|European Case Law Identifier:||ECLI:EP:BA:1997:T085694.19970605|
|Date of decision:||05 June 1997|
|Case number:||T 0856/94|
|IPC class:||A61K 35/00|
|Language of proceedings:||EN|
|Download and more information:||
|Title of application:||Grafting genetically modified cells to treat diseases of the central nervous system|
|Applicant name:||THE REGENTS OF THE UNIVERSITY OF CALIFORNIA|
|Relevant legal provisions:||
|Keywords:||Clarity - claim 1 defined by functional features (yes)
Inventive step (yes - no reasonable expectation of success)
Summary of Facts and Submissions
I. European patent application No. 90 901 328.6, filed as International Application No. PCT/US89/05557 and claiming priority from US 285 196 was published under the International Publication number WO 90/06757.
II. The application was refused by a decision of the Examining Division. That decision was based on a set of 29. claims as filed on 12 March 1993, replacing an originally filed set of 23 claims drafted as "methods of treatment" found by the Examining Division to be unacceptable, of which claim 1 read as follows:
"1. The use of genetically modified donor cells for the preparation of a therapeutic agent which produces a functional molecule in a sufficient amount to ameliorate defective, diseased or damaged cells in the mammalian central nervous system."
Dependent claims 2 to 29 were directed to specific embodiments of the use of claim 1.
III. One of the reasons for the refusal was that the subject-matter of claim 1 did not meet the requirements of Article 56 EPC in view of documents (1) and (4):
(1) Gage et al., Neuroscience Vol. 23, pages 795 to 807 (1987)
(4) Friedmann et al., Gene transfer and Gene Therapy, Alan Liss Inc., pages 409 to 416 (1989).
More specifically, the Examining Division came to the conclusion that the solution proposed in claim 1 of the application in suit to the problem of ameliorating defective, diseased or damaged cells in the mammalian central nervous system (CNS) by using genetically modified donor cells which produced a functional molecule, was obvious in view of documents (1) and (4).
Document (1) recited (see the abstract): "We suggest that a combination of these two approaches, namely the grafting into the CNS of genetically modified cells, may provide a new approach toward the restoration of some functions in the damaged or diseased CNS. We present evidence of the feasibility of this approach including a description of some current techniques for mammalian cell gene transfer and CNS grafting, and several possible approaches to clinical application."
Document (4), which the Appellant did not dispute to be a post published transcript of an oral disclosure made at a public meeting before the priority date of the present application, recited on page 415, last paragraph: "The implantation of genetically modified cells into mammalian brain is likely to be an effective method of complementing some kinds of genetic or developmental defects...".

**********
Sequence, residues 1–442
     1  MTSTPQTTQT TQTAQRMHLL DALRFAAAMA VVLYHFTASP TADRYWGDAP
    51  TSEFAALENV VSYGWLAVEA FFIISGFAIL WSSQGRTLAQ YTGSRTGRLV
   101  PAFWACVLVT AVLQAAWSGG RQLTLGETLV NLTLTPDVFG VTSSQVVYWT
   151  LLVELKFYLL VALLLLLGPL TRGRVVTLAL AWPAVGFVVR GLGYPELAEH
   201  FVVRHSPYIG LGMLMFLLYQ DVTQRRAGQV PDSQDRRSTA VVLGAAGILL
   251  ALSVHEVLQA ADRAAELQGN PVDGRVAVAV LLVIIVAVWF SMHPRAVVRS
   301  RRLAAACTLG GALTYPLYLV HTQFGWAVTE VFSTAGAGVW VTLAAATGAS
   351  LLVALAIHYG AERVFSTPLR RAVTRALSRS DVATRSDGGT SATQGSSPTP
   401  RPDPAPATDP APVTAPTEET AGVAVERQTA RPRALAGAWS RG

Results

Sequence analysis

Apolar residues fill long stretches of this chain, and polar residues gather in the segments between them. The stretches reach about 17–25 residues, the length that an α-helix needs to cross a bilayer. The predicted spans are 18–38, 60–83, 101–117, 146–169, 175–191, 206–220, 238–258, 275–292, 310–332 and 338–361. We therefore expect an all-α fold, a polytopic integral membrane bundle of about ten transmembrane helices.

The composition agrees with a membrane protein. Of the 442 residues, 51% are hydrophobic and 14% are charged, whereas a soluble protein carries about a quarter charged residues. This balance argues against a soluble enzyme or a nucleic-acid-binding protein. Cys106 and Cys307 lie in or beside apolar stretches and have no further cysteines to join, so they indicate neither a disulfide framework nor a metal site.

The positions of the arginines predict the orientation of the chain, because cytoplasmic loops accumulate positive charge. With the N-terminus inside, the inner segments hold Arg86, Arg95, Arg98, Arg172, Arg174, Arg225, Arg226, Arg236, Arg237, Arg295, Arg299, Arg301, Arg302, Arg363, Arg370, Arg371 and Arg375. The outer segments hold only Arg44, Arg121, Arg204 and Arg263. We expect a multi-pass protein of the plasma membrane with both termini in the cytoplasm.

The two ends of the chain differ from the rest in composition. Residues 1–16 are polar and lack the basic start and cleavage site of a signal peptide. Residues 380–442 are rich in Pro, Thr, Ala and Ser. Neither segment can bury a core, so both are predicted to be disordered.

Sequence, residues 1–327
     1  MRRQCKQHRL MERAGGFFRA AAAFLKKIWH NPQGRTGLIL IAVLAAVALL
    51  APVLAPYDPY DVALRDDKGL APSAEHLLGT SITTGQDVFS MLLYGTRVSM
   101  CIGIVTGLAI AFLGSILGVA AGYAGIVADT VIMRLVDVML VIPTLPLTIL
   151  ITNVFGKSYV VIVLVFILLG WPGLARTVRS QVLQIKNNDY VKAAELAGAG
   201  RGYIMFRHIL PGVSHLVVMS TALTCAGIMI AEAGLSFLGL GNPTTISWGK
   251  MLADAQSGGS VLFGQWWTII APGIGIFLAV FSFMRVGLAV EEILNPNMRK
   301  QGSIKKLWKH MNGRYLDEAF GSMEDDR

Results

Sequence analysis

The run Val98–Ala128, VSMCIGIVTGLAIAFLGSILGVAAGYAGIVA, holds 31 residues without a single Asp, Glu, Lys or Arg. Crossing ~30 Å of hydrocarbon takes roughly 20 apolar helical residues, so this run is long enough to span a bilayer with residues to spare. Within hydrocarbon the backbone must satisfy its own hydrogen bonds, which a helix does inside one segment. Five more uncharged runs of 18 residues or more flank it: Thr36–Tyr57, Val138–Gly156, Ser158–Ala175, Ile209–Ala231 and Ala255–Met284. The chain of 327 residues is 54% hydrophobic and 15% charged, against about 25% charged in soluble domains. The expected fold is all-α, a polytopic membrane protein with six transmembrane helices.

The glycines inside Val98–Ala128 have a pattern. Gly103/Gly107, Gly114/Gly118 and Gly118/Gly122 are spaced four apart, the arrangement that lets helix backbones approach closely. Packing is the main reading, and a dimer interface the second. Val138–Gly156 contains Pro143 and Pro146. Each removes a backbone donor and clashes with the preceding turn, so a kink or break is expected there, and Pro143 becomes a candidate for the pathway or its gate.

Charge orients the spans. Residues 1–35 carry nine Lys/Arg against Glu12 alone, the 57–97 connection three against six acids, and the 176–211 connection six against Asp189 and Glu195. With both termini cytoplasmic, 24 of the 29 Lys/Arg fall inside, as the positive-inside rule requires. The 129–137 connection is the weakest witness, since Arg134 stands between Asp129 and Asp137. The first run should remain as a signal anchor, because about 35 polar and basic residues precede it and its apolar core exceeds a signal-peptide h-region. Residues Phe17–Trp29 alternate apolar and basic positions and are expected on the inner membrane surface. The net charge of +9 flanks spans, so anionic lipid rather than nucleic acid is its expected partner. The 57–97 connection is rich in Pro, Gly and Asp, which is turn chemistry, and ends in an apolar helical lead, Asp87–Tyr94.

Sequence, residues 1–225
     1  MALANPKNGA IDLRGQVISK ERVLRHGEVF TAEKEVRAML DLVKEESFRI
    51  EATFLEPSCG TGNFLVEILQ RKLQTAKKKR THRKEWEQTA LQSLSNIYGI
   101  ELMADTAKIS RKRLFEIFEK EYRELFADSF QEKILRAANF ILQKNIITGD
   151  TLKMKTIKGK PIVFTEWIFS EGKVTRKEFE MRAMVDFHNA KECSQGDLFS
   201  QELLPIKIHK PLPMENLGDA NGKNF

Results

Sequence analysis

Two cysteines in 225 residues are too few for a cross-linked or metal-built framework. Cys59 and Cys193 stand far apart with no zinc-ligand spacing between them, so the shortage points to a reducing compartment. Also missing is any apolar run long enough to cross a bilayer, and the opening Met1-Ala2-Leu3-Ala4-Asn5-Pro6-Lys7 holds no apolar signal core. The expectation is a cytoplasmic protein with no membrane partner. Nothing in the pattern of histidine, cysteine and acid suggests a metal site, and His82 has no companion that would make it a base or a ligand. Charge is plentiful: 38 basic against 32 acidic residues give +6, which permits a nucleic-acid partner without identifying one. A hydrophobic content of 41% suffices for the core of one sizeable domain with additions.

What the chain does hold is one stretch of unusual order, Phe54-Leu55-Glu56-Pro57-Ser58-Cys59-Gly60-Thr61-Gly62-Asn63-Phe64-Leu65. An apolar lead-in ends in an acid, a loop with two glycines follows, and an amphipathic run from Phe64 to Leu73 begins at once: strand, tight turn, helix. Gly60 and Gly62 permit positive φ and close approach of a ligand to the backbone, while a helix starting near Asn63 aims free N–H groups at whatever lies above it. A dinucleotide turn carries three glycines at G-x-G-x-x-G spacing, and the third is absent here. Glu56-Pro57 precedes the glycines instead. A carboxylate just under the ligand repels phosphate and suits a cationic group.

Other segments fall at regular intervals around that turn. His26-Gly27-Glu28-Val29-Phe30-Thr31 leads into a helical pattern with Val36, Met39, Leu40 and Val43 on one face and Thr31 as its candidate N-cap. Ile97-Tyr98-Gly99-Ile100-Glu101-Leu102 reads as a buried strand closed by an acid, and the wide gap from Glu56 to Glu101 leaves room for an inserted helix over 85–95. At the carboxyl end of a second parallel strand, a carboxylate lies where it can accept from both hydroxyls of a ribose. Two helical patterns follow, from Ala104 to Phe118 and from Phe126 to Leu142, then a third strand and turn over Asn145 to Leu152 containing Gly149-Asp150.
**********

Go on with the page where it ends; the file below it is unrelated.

Thus the teachings of these documents would have led the skilled person not only to try treating patients suffering from cell damage of the CNS with genetically modified donor cells, but to do so with a reasonable expectation of success.
IV. Claim 1 was also found not to fulfil the requirements of Article 84 EPC because it was defined in terms of the result to be achieved rather than by means of technical features necessary for solving the problem which the present application intended to solve.
V. An appeal was filed, the fees paid and the written statement setting out the grounds of appeal comprised a new set of 34 claims. Claim 1 read as follows (amendments in respect of claim 1 as filed on 12 March 1993 are shown):
"1. The use of genetically modified donor cells transfected with a vector comprising a gene encoding a functional therapeutic molecule, for the preparation of a therapeutic agent which produces a functional molecule in a sufficient amount to ameliorate for ameliorating defective, diseased or damaged cells in the mammalian central nervous system."
Dependent claims 2 to 34 were directed to specific embodiments of the use of claim 1.
VI. During the oral proceedings held on 5 June 1997, the Board expressed its concern that claim 1 might not comprise a clear distinguishing feature vis-à-vis the teaching of document (1). In response thereto, the appellant submitted a new set of 33 claims, of which claim 1 was worded as follows (amendments in respect of claim 1 as filed on 12 March 1993 are shown):